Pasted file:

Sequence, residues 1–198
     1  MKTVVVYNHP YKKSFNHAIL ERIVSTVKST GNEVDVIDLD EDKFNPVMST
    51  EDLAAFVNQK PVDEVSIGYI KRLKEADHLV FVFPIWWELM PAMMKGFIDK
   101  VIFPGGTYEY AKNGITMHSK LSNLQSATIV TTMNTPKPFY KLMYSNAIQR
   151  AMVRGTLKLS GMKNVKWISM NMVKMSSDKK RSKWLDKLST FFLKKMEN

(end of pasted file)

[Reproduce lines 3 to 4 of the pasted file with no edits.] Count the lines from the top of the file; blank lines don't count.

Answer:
    51  EDLAAFVNQK PVDEVSIGYI KRLKEADHLV FVFPIWWELM PAMMKGFIDK
   101  VIFPGGTYEY AKNGITMHSK LSNLQSATIV TTMNTPKPFY KLMYSNAIQR